+--------------------------------------------+ ¦William B. Smith Group ¦Shares ¦Per cent ¦ +------------------------+--------+----------¦ ¦William B. Smith Trust ¦25,500 ¦ ¦ +------------------------+--------+----------¦ ¦Lida M. Hood ¦1,600 ¦ ¦ +------------------------+--------+----------¦ ¦Mary H. Robertson ¦1,000 ¦ ¦ +------------------------+--------+----------¦ ¦Elizabeth Hood ¦1,000 ¦ ¦ +------------------------+--------+----------¦ ¦Arthur W. Atherton ¦1,000 ¦ ¦ +------------------------+--------+----------¦ ¦Henry G. Hood ¦400 ¦ ¦ +------------------------+--------+----------¦ ¦Jacob Reed ¦2,000 ¦ ¦ +------------------------+--------+----------¦ ¦ ¦32,500 ¦93 ¦ +------------------------+--------+----------¦ ¦ ¦ ¦ ¦ +--------------------------------------------+

The Southwell Group Shares Per cent James Southwell 2,000 Philip H. Southwell 300 Evelyn S. Fessenden 200 2,500 7

The conduct of the individuals comprising the Smith Group with respect to their stock was subject to the control of William B. Smith (hereinafter referred to as Smith), the sole trustee of the William B. Smith Trust.

James Southwell was the father of Philip H. Southwell and Evelyn S. Fessenden. Both James and Philip were actively engaged in the management and operation of the old company during 1947 and earlier years. They were the only compensated officers of that company during its fiscal year ended June 30, 1947, and for several preceding years. Philip H. Southwell will hereinafter be referred to as Southwell.

Nichols and Company, Inc., (hereinafter referred to as Nichols), was a Massachusetts corporation engaged in the business of top-making. It purchased wool from sources all over the world and brought it to Boston where it shipped it to various combing mills for conversion into tops and noils. Nichols itself did not own a combing mill. Since 1926, a portion of Nichols's combing was done by the old company. The availability of combing facilities was extremely important to both Nichols and its stockholders.

Top-makers such as Nichols, as distinguished from integrated mills conducting a number of operations to process wool into cloth, have their wool combed on a commission basis by independent combers. During the 10 years prior to 1947, the portion of tops produced by top-makers, as against that produced by integrated mills, substantially increased. As a result, there developed a shortage of independent combing facilities in the wool trade. For that reason, a number of top-makers, including Nichols, began seeking arrangements whereby they could assure themselves of adequate combing facilities. In early 1947, Smith was approached by several top-makers who were interested in the possible purchase of his interest in the old company.

During 1947, Arthur O. Wellman (hereinafter referred to as Wellman) was president of Nichols; John H. Nichols, Jr., its vice president; and Robert P. Hackett its treasurer. These men, together with their families, were the principal stockholders of that corporation at all times material hereto.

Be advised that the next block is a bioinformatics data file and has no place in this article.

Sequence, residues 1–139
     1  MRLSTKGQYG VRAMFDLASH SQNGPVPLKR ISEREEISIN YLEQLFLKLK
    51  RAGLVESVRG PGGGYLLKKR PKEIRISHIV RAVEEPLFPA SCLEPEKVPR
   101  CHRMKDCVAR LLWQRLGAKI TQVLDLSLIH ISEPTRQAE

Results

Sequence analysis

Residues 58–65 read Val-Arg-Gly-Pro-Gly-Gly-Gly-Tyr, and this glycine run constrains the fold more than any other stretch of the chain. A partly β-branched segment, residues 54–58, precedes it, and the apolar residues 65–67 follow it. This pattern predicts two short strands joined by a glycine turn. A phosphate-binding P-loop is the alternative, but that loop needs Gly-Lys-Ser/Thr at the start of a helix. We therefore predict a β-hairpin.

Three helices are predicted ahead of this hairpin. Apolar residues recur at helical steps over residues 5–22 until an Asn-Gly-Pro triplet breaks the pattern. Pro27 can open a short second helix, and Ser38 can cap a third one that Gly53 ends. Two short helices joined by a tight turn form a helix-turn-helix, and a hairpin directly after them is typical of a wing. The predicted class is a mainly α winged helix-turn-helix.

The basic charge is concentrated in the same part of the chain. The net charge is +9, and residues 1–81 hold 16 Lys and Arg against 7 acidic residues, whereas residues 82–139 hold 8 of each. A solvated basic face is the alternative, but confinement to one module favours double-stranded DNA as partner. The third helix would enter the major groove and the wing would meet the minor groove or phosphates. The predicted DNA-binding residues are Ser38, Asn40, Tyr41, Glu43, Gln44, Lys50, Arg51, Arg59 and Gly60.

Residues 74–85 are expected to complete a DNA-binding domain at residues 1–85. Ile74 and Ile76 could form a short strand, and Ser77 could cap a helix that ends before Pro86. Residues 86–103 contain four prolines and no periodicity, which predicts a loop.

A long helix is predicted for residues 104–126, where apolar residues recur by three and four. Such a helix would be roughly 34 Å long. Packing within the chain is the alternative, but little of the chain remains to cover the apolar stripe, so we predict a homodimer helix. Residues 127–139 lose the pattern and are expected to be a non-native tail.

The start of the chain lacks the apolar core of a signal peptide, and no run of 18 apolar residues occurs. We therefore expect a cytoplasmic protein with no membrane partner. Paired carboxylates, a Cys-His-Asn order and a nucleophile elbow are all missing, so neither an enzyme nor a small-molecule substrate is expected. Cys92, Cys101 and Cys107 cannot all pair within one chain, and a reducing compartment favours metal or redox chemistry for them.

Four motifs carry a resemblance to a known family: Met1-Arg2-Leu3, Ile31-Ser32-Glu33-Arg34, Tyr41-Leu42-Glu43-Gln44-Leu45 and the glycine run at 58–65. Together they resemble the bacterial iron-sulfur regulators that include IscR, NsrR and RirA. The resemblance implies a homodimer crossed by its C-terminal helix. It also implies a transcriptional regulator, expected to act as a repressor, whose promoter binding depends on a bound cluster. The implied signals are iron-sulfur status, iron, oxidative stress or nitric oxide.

Nichols was a heavy borrower of money, and its officers felt that the banks would look on the company with greater approval if it owned just wool and money and not bricks and mortar. Therefore, it held no physical assets and had no subsidiaries. However, its stockholders from time to time had acquired interests in a number of other corporations which were engaged in various branches of the wool industry.

In late January or early February 1947, Wellman learned that Smith was interested in disposing of his interest in the old company. Fearing the possible loss of that company's combing facilities, should control of the business fall into the hands of a competitor, Wellman met with Southwell to discuss the matter. Also present at that meeting was Robert P. Hackett. Southwell indicated that he was interested in increasing the control his family had in the business. At that time Wellman offered the Southwell Group any assistance it might need in acquiring control of the old company. Southwell refused the offer because at that time he hoped his Group would be able to secure private financing for their purchase of the Smith interest.

At the same time, Wellman entered into negotiations with Smith regarding the possible sale of the old company's land, buildings, and machinery. Smith alluded to a sales price of $4,500,000. No satisfactory agreement was reached by the parties and the matter was dropped. Wellman made Smith a tentative offer to purchase all the stock in the old company, ‘or a sufficient number of shares of the stock to give us control,‘ at $70 per share. Smith rejected that offer as being too low.

During that same period, Smith advised Southwell of his willingness to sell stock in the old company to Southwell on the basis that the value of that stock was $2,500,000 and offered him the opportunity of purchasing the 32,500 shares held by the Smith Group at $71.43 per share.